In the nineteen-sixties, Chilean tourism officials renamed the island for Alexander Selkirk, the Scottish adventurer whose tale of solitary living in the archipelago was probably the basis for Daniel Defoe’s novel “Robinson Crusoe,” but the locals still use its original name, Masafuera: Farther Away. By the end of last fall, I was in some need of being farther away. I’d been promoting a novel non-stop for four months, advancing through my schedule without volition, feeling more and more like the graphical lozenge on a media player’s progress bar. Substantial swaths of my personal history were going dead from within, from my talking about them too often. And every morning the same revving doses of nicotine and caffeine; every evening the same assault on my e-mail queue; every night the same drinking for the same brain-dulling pop of pleasure. At a certain point, having read about Masafuera, I began to imagine running away and being alone there, like Selkirk, in the interior of the island, where nobody lives even seasonally … Nowhere was Defoe’s psychology more acute than in his imagination of Robinson’s response to the rupture of his solitude. He gave us the first realistic portrait of the radically isolated individual, and then, as if impelled by novelistic truth, he showed us how sick and crazy radical individualism really is. No matter how carefully we defend our selves, all it takes is one footprint of another real person to recall us to the endlessly interesting hazards of living relationships. Even Facebook, whose users collectively spend billions of hours renovating their self-regarding projections, contains an ontological exit door, the Relationship Status menu, among whose options is the phrase “It’s complicated.” This may be a euphemism for “on my way out,” but it’s also a description of all the other options. As long as we have such complications, how dare we be bored?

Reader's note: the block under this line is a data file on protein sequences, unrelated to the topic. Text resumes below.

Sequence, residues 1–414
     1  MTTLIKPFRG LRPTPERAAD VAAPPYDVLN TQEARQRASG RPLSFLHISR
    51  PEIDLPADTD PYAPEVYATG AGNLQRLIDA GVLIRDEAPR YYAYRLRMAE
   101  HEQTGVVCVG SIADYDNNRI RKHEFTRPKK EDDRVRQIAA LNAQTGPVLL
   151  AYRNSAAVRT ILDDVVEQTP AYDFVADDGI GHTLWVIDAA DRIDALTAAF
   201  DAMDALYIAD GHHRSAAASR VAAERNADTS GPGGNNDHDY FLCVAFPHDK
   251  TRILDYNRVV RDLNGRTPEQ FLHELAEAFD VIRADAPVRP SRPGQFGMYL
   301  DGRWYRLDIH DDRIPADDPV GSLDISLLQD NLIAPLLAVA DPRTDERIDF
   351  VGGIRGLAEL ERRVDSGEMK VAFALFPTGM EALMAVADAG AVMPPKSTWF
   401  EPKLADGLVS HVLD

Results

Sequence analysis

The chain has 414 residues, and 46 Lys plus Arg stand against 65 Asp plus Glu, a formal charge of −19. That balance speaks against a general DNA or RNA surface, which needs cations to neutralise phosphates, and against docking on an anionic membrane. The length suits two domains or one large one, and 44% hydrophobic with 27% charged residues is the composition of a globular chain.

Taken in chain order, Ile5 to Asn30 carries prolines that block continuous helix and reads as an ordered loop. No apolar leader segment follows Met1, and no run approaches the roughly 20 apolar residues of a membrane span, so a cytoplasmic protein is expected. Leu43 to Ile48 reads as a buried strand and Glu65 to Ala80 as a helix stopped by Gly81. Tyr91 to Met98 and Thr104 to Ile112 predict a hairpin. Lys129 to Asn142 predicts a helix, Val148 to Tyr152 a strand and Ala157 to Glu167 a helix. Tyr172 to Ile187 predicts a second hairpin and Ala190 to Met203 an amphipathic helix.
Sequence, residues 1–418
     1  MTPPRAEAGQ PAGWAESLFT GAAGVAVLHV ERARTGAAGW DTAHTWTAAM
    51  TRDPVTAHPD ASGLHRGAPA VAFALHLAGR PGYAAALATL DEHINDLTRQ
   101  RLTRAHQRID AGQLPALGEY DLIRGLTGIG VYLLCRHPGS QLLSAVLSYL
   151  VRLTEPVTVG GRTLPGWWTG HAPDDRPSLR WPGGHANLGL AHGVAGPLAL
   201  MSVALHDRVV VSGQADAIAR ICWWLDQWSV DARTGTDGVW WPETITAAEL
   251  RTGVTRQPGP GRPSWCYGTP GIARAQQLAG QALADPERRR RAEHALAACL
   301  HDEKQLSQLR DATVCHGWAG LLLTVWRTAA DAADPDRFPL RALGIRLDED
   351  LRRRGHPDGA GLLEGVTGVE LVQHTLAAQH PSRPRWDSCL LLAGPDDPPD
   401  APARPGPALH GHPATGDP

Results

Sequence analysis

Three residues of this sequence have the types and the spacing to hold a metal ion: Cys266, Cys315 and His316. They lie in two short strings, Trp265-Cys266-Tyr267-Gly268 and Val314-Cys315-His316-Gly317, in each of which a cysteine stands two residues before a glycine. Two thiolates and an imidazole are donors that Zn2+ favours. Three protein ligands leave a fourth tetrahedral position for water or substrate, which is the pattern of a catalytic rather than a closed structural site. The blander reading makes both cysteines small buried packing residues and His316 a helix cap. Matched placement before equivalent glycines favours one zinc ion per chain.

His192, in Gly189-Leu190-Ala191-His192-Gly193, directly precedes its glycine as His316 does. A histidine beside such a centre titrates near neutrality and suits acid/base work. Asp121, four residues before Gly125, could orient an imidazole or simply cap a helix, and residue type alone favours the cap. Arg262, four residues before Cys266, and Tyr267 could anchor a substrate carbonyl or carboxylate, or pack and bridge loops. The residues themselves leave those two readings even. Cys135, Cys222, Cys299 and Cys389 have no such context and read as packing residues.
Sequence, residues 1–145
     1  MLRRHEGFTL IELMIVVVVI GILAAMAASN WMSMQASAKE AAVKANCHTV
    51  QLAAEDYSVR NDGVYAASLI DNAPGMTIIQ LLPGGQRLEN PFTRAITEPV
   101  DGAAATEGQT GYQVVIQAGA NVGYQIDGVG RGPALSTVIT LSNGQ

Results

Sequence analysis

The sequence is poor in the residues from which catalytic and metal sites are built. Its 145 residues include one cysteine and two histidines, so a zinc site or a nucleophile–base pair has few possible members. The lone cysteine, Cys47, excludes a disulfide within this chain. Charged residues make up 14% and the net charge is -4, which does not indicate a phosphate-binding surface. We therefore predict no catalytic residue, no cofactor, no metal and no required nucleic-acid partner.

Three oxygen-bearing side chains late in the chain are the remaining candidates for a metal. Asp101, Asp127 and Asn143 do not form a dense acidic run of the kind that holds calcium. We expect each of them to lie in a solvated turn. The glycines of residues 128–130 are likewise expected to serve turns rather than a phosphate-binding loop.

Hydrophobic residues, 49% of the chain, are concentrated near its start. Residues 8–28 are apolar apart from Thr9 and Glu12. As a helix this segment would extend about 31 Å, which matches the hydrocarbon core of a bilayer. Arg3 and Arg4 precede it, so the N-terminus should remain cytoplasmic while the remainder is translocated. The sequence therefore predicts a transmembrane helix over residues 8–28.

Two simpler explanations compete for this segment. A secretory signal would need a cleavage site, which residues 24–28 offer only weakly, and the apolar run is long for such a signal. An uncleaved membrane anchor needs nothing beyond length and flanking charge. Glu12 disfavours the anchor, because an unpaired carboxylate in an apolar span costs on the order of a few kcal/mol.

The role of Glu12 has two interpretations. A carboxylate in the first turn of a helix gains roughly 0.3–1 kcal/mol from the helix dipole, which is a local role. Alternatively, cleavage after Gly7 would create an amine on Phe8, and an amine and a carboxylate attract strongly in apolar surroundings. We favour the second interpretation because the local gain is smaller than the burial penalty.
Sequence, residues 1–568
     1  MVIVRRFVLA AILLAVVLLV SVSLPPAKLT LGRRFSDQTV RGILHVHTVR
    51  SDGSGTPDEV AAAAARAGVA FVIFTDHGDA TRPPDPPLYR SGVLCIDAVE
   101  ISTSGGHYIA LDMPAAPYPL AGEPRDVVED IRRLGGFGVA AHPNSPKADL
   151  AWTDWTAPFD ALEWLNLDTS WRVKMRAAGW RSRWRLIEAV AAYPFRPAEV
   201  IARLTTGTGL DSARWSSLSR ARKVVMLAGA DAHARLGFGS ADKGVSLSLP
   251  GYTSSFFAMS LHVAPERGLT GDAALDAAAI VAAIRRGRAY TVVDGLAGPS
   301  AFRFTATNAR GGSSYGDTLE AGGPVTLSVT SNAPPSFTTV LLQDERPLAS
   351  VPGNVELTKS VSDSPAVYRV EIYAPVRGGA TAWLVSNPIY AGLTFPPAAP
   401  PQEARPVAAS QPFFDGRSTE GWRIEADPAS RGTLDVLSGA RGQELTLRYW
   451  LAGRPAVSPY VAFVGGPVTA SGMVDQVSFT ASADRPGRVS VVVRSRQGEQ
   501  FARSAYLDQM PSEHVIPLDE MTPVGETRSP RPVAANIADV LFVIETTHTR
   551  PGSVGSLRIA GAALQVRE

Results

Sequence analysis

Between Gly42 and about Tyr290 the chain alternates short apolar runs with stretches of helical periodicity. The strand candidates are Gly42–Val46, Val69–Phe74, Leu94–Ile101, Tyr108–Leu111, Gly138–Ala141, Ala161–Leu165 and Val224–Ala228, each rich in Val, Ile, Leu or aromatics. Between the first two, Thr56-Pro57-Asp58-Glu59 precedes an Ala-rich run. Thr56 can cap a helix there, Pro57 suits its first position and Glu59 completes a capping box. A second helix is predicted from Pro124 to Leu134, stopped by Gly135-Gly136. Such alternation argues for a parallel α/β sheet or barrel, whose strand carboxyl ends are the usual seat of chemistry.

The Art of Awareness
Damon Orion, Good Times, September 5, 2012
Teaser: A community of local visionary artists is making higher consciousness visible.